What kind of writerly type are you? Pre-planning all goes brilliantly genius or locked in the attic wishing to God someone would rescue you soon….
I work a lot, and I always plan. I’m currently adapting Pendulum for NBC Universal and am writing the pilot of a crime thriller series I’ve created for the BBC. Without discipline and a strong work ethic, the wheels would come off. There are days when I wake up under a cloud and want to crawl into an attic, but I remind myself what a privilege it is to write for a living, and just how hard I’ve worked to get to this point. Then I force myself to scrawl a few words, and pretty soon the cloud has given up and floated into the attic on its own.
The best piece of life advice you’ve ever been given…
Worrying is borrowing misery from the future. Things rarely work out as well or as badly as one imagines. Just go with the flow.
Which author would you LOVE to read Pendulum and respond positively…
I’m thrilled that James Patterson loved Pendulum, but if I had to pick another idol, it would be Stephen King. He was one of my teen heroes.
So I wrote you a review which you seemed happy with. Excellent. I aim to please when I love a book – do you think you will read every review you can find or are you going to sensibly try and ignore most of it…
Thanks. I was genuinely thrilled by your review. If people tag me on Twitter, I will try to read the review because it takes time and effort to read and review a book and I think that merits recognition, but I won’t be obsessively trawling Amazon or Goodreads because for every person that likes your book, there will be at least one other who doesn’t. That way madness lies.
Desert Island Discs…pick 3 songs that speak to your soul…
Tough one. I listen to a lot of songs that speak to my soul, but if I had to pick three songs for a desert island, they would be:
Shine on You Crazy Diamond, Pink Floyd’s epic from the Wish You Were Here album. The subject matter and arrangement make it one of the most haunting tracks of all time, and it was one of my dad’s favourites.
Time by Jungle, which is just a beautifully produced modern funk anthem taken from their eponymous debut album which is stacked full of great tracks.
I got my first Sony Walkman when I was living in Egypt, and the country still had war rationing, so western music was pretty rare. My mum gave me one of her old cassettes for my snazzy new machine and I was introduced to Led Zeppelin for the first time. The Battle of Evermore just blew my tiny little mind and was on almost constant repeat, so that would be my third and final song.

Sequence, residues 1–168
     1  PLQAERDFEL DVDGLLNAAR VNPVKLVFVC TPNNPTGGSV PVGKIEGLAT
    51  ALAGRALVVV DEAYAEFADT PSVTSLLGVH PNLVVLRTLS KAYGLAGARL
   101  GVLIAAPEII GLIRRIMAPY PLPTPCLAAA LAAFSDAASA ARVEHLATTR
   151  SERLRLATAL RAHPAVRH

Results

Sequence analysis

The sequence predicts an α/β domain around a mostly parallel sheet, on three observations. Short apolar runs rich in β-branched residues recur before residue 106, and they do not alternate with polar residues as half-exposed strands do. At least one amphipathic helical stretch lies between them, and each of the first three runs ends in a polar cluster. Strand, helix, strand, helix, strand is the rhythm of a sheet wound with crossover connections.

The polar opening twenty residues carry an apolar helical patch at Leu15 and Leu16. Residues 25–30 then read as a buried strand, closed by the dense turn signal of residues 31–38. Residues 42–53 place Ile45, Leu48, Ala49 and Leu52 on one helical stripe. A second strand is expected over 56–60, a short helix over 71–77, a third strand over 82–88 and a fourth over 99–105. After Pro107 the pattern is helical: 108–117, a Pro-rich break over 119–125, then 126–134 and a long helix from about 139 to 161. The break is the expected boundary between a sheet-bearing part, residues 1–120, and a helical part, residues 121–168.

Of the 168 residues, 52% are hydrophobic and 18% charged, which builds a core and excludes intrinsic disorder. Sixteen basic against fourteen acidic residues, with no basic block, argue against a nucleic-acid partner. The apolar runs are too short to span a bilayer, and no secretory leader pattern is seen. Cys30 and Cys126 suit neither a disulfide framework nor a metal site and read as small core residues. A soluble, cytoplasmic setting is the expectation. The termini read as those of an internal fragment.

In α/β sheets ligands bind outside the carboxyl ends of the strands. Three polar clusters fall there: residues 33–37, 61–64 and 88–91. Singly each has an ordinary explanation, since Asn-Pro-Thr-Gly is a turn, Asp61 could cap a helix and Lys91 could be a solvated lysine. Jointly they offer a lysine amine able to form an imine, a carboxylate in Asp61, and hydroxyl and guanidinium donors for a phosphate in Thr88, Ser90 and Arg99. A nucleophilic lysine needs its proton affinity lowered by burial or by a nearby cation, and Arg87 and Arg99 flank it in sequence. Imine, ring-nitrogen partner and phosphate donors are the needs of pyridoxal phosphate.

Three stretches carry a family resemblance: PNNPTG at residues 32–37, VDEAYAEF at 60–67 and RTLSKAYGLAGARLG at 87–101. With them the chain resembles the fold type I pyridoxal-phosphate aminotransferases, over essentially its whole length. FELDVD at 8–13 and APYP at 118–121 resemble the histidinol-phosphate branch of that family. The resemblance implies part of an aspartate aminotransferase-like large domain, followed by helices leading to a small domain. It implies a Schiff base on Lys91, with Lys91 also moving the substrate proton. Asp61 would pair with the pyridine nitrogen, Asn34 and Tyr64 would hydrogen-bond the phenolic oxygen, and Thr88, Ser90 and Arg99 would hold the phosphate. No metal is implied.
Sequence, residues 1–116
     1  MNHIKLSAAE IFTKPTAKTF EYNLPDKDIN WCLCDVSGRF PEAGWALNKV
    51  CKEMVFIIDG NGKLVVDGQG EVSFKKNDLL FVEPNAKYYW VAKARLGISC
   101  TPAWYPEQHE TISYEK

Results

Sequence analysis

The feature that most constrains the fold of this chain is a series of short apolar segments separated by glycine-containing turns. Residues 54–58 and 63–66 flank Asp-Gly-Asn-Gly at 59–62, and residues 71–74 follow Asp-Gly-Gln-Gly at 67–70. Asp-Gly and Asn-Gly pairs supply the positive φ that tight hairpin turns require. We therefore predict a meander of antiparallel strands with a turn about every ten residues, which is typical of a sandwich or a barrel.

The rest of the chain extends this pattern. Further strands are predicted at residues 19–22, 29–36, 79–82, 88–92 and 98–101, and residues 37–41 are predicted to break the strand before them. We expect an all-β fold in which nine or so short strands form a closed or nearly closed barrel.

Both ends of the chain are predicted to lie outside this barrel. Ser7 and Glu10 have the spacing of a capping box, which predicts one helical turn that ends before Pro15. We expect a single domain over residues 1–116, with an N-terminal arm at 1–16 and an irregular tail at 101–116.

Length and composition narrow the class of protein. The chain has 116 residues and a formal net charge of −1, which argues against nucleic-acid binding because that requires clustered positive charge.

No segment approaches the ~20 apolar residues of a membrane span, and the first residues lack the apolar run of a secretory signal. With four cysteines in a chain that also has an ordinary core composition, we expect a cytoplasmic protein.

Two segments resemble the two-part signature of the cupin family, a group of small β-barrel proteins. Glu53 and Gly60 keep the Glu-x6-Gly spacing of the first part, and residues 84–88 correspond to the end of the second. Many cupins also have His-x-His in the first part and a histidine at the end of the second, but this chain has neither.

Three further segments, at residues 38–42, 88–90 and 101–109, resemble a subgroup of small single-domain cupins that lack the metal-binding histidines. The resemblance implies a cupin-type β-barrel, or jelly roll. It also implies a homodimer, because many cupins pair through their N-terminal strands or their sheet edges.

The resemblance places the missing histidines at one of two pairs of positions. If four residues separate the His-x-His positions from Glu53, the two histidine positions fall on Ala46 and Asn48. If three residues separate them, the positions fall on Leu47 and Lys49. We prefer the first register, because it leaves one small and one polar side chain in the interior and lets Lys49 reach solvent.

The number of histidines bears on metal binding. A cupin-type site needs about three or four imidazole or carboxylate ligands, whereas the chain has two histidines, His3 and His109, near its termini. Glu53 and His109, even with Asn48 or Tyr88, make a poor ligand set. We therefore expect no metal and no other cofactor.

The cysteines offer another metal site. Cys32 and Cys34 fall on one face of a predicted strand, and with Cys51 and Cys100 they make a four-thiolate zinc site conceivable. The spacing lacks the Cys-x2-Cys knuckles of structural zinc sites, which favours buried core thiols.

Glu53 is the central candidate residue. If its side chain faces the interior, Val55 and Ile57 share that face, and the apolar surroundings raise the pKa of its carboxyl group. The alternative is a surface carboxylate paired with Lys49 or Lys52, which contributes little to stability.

If you had to be locked in a room for 3 days with only 2 other people for company who would you pick and why?
The first would have to be my lovely wife Amy, because for the past twelve years we’ve shared the same office, and spend almost every day together, so I know we could easily manage three days in a locked room.
The second person would have to be my good friend Arvinder, because I know we could have a great laugh filling the time with Seinfeld-style conversations about nothing. He and his partner are about to have their first child, so in a few months three days in a locked room might appeal to him.
Sell Pendulum to the next reader using 3 sentences or less…
I get all bashful, so I’m going to use James Patterson’s words instead. “I read Pendulum in one gloriously suspenseful weekend. Definitely one of the best thrillers of the year.”
Coffee, Tea, Other?
2 things that irritate you beyond all measure…
Someone famous, living or dead, who you would say inspires you…
Rudi Vrba. He was one of the few people to escape Auschwitz and he and his fellow escapee, Alfred Wetzler, were responsible for authoring the Auschwitz Protocol, a highly influential document that helped stop the mass transportation of Jews from Hungary.
Vrba tells his story in I Escaped from Auschwitz, a book that should be required reading in all schools, because it demonstrates how labelling someone as ‘the other’ can be the first dehumanising step on a well-trodden road that can lead to persecution and murder. I think people sometimes struggle with the scale of the Holocaust, but as Vrba chronicles his ordeal and describes the various parts of the Nazi machine, one can see how infernally simple and disgustingly practical the whole operation was. But I Escaped from Auschwitz isn’t simply a harrowing account of Vrba’s experiences, it’s also an amazing tale of the triumph of the human spirit. Vrba went through an ordeal that was as close as one can get to hell on earth, but sheer grit and determination saw him not only survive, but save the lives of many others. An inspiring individual.
Last thing you did that was probably stupid…
Injured myself falling off a bouldering wall that I had no business trying in the first place.
How much do you hate me right now?
What’s to hate? I’ve had fun. So the precise answer is zero percent. Thanks for giving me the opportunity to answer such great questions.
Read my review of Pendulum HERE
Find out more HERE
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To Purchase Pendulum clickety click right HERE